Trupp, Weakley & Co., builders and contractors, established their firm in 1872, when they put up their buildings, east of the railroad in Tippecanoe City, are a cost of about $6,500, to which they soon added machinery to the value of $10,000. They have been carrying on a very extensive business since they began operating, constantly employing about forty hands making, sash, blinds, doors, etc., etc., doing, perhaps, as large a business in their line as any firm in the county.
Tippecanoe City was incorporated Monday, May 5, 1851, and the following officers were elected for that year; viz., Levi N. Booher, Mayor; E.F. Shields, Recorder; Thomas jay, Michael Shellabarger and Henry Krise, Councilmen; Eli Snell, Marshal; and I.L. Wilcox, Treas- urer. They took the oath of office from A.B. Hartman, J.P.
The officers for 1880 are: A. H. Wesler, Mayor; John K. Herr, Treas- urer; Samuel Galloway, Clerk; David Carles, Marshal; John Clark, John L. Norris and G. W. Weakley, Councilmen; Joseph Brump, Street Commissioner.
The first mail matter coming to Monroe Township stopped at the post office which was then located in Hyattsville. Henry J. Hyatt, was the first Postmaster. He lived in a log cabin with one room, which was used as a dry-goods store, tailor's shop, post office and dwelling house; and, as the room was by no means large, it will readily be seen that every part of the house was occupied. The mail was brought from West Charleston once a week, by Kiel Hoagland, a youth of ten summers, who rode a bob-tailed sorrel horse, with a blazed face, by no means as fleet as the one Mezeppa rode.
Many years afterward, when the mail-boy reached manhood, he became one of the proprietors of Royal Baking Powder, manufactured in New York, and is now a millionaire. Perhaps, if he had been told, when trying to make the old sorrel jump the ditch in front of the post office, that the day was coming when he could sit in a cushioned carriage of his own. with his driver in the box, he would not have believed the prediction. Dr. Gilbert became Postmaster in 1851, and was instrumental in having three mails a week, instead of one. The post office paid, at that time, about $15 per year. A. W. Miles the present Postmaster in Tippecanoe City, receives about $600 per year.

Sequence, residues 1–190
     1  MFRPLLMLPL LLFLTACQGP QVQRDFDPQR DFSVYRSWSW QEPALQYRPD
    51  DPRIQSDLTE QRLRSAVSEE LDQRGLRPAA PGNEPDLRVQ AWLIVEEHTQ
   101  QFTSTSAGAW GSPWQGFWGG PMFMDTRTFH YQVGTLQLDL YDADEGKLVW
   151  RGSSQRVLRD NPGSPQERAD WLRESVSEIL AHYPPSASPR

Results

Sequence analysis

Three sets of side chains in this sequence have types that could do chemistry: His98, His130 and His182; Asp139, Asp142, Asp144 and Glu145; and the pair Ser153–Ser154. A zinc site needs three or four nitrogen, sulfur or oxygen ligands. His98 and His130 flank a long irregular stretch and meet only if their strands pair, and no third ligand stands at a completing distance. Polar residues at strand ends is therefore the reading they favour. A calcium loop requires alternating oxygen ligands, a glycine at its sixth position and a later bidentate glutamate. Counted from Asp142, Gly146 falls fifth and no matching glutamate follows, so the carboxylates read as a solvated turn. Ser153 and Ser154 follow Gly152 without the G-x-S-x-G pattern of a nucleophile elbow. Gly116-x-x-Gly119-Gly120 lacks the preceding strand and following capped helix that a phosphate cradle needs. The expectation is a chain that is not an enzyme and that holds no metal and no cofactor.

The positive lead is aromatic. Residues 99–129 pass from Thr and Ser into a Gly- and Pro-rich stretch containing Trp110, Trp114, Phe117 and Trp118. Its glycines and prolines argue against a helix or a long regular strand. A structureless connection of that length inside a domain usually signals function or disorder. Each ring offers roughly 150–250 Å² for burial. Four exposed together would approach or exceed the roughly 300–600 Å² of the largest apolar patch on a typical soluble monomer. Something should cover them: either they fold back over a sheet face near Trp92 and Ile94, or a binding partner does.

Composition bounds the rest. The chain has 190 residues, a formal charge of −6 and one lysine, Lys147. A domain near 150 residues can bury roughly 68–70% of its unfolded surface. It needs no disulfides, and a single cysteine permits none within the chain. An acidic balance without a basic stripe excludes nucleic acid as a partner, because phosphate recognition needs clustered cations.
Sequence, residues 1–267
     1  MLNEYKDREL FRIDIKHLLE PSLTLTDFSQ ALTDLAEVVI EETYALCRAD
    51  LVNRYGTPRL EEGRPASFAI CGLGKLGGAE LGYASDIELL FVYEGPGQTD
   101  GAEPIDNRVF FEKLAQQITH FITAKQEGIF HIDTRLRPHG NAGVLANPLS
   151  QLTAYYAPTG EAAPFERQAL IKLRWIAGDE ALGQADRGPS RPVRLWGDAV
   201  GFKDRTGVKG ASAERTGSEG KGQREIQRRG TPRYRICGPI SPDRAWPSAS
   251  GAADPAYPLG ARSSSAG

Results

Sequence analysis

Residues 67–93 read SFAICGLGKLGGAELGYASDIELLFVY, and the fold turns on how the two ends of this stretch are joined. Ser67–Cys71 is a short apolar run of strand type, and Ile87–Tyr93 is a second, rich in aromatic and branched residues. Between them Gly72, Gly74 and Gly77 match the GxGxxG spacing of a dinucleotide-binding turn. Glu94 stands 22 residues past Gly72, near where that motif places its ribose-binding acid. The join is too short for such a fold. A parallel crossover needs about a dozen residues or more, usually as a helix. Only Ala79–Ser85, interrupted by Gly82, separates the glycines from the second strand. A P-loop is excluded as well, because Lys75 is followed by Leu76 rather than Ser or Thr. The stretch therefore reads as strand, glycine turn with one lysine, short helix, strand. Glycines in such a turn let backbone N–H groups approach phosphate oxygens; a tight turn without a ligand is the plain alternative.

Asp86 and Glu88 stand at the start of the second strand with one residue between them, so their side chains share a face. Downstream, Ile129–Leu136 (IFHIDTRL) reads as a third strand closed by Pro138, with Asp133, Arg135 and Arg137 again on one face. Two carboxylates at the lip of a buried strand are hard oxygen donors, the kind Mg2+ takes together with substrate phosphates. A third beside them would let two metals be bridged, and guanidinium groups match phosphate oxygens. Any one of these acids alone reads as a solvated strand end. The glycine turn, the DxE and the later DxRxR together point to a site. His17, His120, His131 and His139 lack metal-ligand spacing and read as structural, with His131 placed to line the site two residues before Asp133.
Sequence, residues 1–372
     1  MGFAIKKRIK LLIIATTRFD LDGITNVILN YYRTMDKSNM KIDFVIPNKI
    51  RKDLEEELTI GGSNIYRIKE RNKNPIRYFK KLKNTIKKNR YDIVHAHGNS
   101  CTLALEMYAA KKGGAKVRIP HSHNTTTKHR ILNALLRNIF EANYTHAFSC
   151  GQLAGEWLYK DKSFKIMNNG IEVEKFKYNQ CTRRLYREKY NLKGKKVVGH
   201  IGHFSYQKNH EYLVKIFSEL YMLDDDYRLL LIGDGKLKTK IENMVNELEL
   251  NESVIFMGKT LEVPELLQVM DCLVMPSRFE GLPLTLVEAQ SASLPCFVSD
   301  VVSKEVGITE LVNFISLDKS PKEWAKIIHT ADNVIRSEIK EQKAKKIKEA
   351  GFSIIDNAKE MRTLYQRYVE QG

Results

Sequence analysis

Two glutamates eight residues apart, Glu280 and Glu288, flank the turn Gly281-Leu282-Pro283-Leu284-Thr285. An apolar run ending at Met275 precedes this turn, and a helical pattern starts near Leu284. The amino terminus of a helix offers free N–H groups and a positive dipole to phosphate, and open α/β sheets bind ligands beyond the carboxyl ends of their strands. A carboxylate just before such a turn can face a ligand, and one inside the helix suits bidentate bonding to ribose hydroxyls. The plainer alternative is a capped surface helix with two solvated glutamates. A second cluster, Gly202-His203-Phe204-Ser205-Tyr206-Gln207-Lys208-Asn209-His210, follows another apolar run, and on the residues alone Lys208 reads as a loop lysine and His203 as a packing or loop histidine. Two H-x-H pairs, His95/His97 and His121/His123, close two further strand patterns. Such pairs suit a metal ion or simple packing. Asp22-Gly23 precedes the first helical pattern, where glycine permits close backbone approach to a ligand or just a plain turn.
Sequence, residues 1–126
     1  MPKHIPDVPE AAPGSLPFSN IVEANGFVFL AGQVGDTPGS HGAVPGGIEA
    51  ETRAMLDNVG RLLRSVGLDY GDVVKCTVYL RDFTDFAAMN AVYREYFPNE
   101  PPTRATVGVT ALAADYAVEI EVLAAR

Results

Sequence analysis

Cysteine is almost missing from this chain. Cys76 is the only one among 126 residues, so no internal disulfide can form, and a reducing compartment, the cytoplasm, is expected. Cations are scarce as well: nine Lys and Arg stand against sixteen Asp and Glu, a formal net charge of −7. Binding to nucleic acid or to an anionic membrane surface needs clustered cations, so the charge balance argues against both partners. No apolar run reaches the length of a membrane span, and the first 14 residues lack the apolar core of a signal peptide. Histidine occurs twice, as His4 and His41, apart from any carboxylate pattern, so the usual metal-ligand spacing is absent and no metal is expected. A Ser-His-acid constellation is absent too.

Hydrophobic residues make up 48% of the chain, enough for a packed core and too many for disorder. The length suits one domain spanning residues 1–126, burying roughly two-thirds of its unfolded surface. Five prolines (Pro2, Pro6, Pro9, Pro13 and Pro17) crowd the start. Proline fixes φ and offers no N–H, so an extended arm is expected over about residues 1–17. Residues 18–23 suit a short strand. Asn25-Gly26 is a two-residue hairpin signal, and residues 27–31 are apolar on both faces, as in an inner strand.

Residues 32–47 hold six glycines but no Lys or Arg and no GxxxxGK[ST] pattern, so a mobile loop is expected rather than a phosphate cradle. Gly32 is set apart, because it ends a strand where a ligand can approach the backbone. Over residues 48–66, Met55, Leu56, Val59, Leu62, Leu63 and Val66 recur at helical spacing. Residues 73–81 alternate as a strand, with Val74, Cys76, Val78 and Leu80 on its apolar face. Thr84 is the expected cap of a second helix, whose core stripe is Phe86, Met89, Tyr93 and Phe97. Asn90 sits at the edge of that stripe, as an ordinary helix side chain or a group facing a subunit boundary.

TIPPECANOE CITY FIRE DEPARTMENT
A hook and ladder company was organized in 1872, with Charles Trupp. Chief Director, and Daniel B. Davis, Thomas J. Sheets, George L. Favorite and Daniel Argabright, Assistant Directors. The department was reorganized in 1874, when a new engine was purchased at a cost of $7,000.
Of these there are several in the township, the oldest having been set aside for burial purposes in 1808. The principal one in use at the present, lies southwest of Tippecanoe. It was purchased a few years since by a company of stock-holders, of which Jacob Roher is President. There are thirty-two acres of ground in the plat, a portion of it already laid off into neat lots, and here quite a number of the early settlers are buried. Thus ends the history of Monroe for the three-quarters of a century that have come and gone. ...433 A new era is dawning, the importance of which is not paralleled by any precedent. Another page in the book of her existence is being turned, upon the unsullied surface of which remain to be chronicled the deeds of the present generation. Let the works of her people in the present age reach what magnitude they may, they surely cannot excel in importance those of the forefathers, upon whose lives and works, the most apathetic individual cannot meditate, without acknowledging them to be "men of thought and men of action," who did well the work that was given them to do.
Fredericktown--(Fidelity P.O.)-- Situated partly in Union Township, received its name from Frederick Yount, one among the earliest settlers of the township.
Ginghamsburg--A village of but secondary importance, is situated in the southern part of the township, contains a few dwellings, and also one or two places where goods of various descriptions are bought and sold.